Sex offender’s sentence doubled following undercover police operation

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Lewis Watts, convicted after an undercover police investigation, has had his sentence doubled following an intervention by the Solicitor General, the Rt Hon Lucy Frazer QC MP.

A Leicestershire sex offender, convicted after an undercover police investigation, has had his sentence doubled following an intervention by the Solicitor General, the Rt Hon Lucy Frazer QC MP.

Lewis Watts, 26, engaged in sexual communication with three different 12-year-old girls via social media, including graphic messages inciting one of the girls to engage in sexual activity. However, he was in fact communicating with undercover police officers in all three cases.

Watts was arrested and charged with three counts of attempting to engage in sexual communication with a child. He was also charged with one count of attempting to cause or incite a child under 13 to engage in sexual activity, and of breaching an existing sexual harm prevention order.

As a result of his new offending, Watts had a sexual harm prevention order brought into force. The Order was granted in 2015 following his conviction for three counts of possession of indecent photographs of children, with a view to their being distributed or shown by himself to others.

Watts initially pleaded not guilty to the latest charges but changed his plea on the first day of the trial. On 28 June 2021, he was sentenced to 3 years’ imprisonment at Leicester Crown Court.

Following the Court’s decision, the Solicitor General referred Watts’ case to the Court of Appeal under the Unduly Lenient Sentence scheme. On September 1, 2021, the Court found his sentence to be unduly lenient and increased it to six years and three months’ imprisonment.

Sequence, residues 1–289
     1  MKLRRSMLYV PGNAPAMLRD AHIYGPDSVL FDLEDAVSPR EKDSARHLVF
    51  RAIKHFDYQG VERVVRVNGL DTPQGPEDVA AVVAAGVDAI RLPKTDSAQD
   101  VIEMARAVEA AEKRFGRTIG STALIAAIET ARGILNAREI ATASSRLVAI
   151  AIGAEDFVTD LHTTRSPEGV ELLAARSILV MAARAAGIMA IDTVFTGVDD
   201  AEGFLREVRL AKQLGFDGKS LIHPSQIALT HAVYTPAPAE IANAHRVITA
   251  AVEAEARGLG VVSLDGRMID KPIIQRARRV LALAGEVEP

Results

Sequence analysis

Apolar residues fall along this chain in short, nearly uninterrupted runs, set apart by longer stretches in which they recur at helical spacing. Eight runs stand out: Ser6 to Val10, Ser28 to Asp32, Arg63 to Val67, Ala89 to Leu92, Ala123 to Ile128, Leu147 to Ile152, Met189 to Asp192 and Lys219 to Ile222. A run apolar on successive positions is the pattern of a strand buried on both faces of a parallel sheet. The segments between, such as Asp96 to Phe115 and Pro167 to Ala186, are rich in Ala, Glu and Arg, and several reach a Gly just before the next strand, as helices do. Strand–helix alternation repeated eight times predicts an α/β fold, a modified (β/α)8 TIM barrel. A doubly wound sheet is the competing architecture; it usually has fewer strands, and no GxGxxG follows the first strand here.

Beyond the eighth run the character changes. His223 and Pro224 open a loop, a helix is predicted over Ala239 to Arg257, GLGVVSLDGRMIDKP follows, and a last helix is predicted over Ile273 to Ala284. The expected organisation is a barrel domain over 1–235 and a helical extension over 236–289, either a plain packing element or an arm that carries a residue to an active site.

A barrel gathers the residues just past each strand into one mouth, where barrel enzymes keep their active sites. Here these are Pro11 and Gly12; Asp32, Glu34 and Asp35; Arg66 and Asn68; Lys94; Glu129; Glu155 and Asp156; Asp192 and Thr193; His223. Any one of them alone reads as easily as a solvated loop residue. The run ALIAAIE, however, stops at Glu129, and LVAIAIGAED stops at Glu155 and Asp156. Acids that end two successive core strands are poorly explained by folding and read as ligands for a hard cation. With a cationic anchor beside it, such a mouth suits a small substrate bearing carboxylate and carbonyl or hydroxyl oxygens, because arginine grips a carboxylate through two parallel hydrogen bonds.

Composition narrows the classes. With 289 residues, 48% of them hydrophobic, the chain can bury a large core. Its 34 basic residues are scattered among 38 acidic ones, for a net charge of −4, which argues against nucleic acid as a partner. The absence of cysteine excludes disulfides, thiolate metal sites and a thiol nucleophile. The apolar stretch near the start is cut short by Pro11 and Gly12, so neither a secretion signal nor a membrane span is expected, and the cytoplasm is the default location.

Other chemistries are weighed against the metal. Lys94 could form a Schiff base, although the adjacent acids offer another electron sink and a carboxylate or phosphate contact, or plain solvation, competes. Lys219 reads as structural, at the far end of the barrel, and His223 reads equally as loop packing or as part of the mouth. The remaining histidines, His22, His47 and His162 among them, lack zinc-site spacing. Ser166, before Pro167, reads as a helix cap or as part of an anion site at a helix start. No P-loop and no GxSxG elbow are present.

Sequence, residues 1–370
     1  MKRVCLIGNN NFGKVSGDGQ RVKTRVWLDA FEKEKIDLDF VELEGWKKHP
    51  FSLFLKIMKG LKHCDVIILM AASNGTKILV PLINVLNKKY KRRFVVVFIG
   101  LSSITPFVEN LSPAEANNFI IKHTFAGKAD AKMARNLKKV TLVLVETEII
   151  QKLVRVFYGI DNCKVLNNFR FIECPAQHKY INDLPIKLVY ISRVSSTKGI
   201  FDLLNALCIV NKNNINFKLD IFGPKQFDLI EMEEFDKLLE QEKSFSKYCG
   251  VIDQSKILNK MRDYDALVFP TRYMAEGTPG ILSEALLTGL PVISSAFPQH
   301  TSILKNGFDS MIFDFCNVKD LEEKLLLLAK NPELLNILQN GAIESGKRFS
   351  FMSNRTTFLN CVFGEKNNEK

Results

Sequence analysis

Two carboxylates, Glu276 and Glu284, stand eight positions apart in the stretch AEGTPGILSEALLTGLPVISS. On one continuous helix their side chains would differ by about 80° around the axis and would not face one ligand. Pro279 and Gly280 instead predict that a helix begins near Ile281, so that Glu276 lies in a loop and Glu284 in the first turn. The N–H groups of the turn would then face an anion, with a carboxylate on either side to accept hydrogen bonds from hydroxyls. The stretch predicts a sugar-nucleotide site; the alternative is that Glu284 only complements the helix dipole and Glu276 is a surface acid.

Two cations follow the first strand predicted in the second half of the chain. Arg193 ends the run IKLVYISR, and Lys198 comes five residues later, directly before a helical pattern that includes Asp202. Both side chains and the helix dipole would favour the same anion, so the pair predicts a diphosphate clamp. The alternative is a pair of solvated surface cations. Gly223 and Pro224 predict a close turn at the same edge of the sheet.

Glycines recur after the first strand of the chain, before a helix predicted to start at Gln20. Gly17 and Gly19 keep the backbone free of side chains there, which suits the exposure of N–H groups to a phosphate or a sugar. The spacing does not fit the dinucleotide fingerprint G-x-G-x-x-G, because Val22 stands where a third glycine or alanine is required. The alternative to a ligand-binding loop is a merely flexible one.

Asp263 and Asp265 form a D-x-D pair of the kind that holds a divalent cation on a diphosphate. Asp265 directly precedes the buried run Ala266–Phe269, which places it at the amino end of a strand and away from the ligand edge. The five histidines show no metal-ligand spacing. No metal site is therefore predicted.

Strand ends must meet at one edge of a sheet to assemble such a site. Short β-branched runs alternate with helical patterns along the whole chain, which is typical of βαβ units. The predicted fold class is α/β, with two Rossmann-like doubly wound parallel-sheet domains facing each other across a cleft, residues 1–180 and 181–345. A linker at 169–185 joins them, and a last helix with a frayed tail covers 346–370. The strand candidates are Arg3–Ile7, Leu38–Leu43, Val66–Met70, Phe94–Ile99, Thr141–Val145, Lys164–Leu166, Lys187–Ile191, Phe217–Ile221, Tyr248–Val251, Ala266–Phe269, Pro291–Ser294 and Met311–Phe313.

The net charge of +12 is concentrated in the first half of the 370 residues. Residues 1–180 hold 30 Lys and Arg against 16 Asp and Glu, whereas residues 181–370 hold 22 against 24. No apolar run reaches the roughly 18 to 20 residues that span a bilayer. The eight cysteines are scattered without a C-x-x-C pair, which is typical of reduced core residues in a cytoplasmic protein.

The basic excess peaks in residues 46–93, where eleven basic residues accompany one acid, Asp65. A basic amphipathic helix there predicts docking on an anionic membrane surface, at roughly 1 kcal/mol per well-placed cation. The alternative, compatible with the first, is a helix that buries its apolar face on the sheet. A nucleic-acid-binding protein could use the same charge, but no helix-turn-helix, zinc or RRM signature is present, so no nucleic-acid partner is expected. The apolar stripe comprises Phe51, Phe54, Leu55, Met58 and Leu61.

After the hearing at the Court of Appeal the Solicitor General, Rt Hon Lucy Frazer QC MP, said, “Watts’ intentions were deeply disturbing and designed to harm young children. The seriousness of his offending had to reflect the gravity of his criminal intentions. I am pleased that the Court of Appeal saw fit to increase his sentence today.”

This ruling follows the decision by the Court of Appeal that where a defendant sets out to sexually abuse a child, in circumstances where the child in fact is an adult posing as a child, then the starting point for sentencing should be set by reference to the harm that the defendant intended to cause the fictional child. The fact that there was no real child for the defendant to abuse will then be reflected in a downward movement from that starting point. The extent of that reduction will be a matter for the court in individual cases to decide, but the seriousness of the offending must nonetheless be reflected in what the offender intended.

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Written by

Deirdre Tynan

Deirdre Tynan is an award-winning journalist who enjoys bringing the best in news reporting to Spain’s largest English-language newspaper, Euro Weekly News. She has previously worked at The Mirror, Ireland on Sunday and for news agencies, media outlets and international organisations in America, Europe and Asia. A huge fan of British politics and newspapers, Deirdre is equally fascinated by the political scene in Madrid and Sevilla. She moved to Spain in 2018 and is based in Jaen.


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